Port of Spain's largest open space—and the world's largest traffic roundabout—is the Queen's Park Savannah, known colloquially simply as "the Savannah". It occupies about 260 acres (1.1 km2)  of level land, and the distance around the perimeter is about 2.2 mi (3.5 km). Once sugar land, it was bought by the town council in 1817 from the Peschier family (except for a small parcel near its centre that served as the Peschier cemetery, which remains in private hands).
At first it was used as a vast cattle pasture in what was then the town's suburbs, but by the middle of the 19th century it had become established as a park. Until the early 1990s, horse racing was held frequently at the Savannah race track, and it also contains several cricket, football and rugby pitches. Apart from a ring of trees round its perimeter, the Savannah was never really landscaped, except for the small area in its North West corner called the Hollows, a former reservoir now drained and planted with flowering shrubs.
Immediately north of the Savannah—also the northern limit of the city of Port of Spain—are the Royal Botanic Gardens, the Emperor Valley Zoo, the official residences of the president and the prime minister, and Queen's Hall, the city's major performing arts venue. Lady Chancellor Road, which ascends the hills overlooking the Savannah, is one of Port of Spain's most exclusive residential areas.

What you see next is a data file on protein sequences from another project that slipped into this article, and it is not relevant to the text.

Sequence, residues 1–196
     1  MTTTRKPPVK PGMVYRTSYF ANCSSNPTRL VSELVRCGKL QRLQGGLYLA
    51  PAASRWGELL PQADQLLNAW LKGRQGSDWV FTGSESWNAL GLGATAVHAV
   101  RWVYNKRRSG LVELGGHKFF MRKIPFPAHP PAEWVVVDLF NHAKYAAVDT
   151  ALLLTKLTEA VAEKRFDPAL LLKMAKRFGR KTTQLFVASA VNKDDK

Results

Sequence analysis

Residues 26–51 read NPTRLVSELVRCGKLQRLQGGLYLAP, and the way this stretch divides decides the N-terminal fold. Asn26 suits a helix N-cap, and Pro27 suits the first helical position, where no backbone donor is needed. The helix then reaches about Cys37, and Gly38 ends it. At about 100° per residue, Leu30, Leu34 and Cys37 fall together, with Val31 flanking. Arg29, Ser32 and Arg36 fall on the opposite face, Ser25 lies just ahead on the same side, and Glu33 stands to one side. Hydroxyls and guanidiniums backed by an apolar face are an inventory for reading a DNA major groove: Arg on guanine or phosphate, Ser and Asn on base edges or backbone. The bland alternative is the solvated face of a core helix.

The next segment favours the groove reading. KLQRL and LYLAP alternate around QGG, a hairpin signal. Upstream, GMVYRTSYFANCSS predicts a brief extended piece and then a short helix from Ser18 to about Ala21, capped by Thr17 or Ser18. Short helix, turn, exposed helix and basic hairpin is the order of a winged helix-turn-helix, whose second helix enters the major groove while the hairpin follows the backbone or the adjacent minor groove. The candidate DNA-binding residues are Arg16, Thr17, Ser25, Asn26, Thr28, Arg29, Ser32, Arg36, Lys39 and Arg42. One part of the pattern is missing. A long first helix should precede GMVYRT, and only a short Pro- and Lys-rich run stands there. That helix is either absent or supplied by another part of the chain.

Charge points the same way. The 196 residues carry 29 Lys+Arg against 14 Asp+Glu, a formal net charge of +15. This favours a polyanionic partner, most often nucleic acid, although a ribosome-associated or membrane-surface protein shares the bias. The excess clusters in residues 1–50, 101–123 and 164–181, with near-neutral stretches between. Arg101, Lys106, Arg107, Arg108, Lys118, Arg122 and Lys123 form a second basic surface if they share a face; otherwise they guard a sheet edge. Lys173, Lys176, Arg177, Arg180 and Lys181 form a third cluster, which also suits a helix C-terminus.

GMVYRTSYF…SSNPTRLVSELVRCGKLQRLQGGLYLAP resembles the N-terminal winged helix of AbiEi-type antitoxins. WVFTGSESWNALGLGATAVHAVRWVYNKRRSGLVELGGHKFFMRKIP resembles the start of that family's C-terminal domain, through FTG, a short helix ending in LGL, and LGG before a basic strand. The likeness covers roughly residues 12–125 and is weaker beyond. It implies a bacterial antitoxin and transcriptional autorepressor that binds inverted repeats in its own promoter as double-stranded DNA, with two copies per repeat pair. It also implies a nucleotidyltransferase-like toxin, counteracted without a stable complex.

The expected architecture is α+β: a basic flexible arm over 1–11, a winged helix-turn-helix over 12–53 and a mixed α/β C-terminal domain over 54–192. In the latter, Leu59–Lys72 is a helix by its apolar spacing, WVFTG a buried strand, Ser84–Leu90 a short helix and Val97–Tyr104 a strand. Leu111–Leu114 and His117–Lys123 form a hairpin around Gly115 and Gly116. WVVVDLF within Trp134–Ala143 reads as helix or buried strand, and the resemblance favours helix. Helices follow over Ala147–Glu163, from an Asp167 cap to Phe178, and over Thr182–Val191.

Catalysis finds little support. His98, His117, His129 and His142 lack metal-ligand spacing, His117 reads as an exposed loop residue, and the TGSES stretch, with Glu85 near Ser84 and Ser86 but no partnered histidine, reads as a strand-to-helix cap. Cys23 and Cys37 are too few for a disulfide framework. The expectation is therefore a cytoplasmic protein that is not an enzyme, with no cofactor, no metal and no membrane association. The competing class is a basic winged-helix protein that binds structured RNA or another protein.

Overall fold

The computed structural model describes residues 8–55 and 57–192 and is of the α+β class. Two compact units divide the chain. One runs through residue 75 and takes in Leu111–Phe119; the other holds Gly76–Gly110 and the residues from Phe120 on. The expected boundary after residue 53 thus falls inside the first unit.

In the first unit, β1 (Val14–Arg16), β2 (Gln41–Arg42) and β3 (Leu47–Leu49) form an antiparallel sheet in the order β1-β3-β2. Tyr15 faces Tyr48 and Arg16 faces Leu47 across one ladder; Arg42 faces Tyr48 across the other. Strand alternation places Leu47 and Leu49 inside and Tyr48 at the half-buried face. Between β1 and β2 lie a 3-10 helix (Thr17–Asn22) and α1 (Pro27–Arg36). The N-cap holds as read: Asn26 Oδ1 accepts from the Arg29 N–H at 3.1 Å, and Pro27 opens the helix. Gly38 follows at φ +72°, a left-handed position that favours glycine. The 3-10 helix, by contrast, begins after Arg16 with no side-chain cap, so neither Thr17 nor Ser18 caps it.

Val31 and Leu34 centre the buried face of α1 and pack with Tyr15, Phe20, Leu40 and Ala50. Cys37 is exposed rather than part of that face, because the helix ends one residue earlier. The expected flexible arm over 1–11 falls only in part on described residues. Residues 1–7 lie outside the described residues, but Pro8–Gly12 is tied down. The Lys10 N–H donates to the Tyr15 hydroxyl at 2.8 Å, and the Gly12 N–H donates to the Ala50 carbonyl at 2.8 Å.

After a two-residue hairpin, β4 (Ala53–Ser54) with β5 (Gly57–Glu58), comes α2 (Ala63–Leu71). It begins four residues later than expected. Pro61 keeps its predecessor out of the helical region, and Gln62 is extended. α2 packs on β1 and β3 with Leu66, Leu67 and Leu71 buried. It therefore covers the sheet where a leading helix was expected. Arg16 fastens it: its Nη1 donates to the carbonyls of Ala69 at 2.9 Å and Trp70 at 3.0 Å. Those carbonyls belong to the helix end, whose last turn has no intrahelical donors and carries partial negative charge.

On the Savannah's southern side is the Grand Stand, formerly used for viewing horse races, now used for various cultural events, most notably Carnival, when a temporary North Stand and raised stage are constructed in front of the Grand Stand, creating the "Big Yard", Carnival's central location since the early 20th century (previously, the main viewing area for Carnival was in downtown Port of Spain). From this location the Parade of Bands is broadcast live to the nation on Carnival Monday and Tuesday; it is also the venue for the Calypso Monarch and Carnival King and Queen Competitions and the finals of the Panorama steelpan competition.
The western edge of the Savannah, along Maraval Road, is the location of the Magnificent Seven, a group of late Victorian buildings built in an eccentric and flamboyant variety of styles. These are Queen's Royal College; the residences of the Anglican bishop (Hayes Court) and the Roman Catholic archbishop; Whitehall, once a private residence, now the office of the prime minister; Mille Fleurs, the future home of the Law Association; Roomor, an ornate black-and-white chateau-like building that remains a private residence; and Stollmeyer's Castle, a turreted house supposedly modelled on Balmoral Castle which is now being converted into subsidiary offices for the prime minister's staff.
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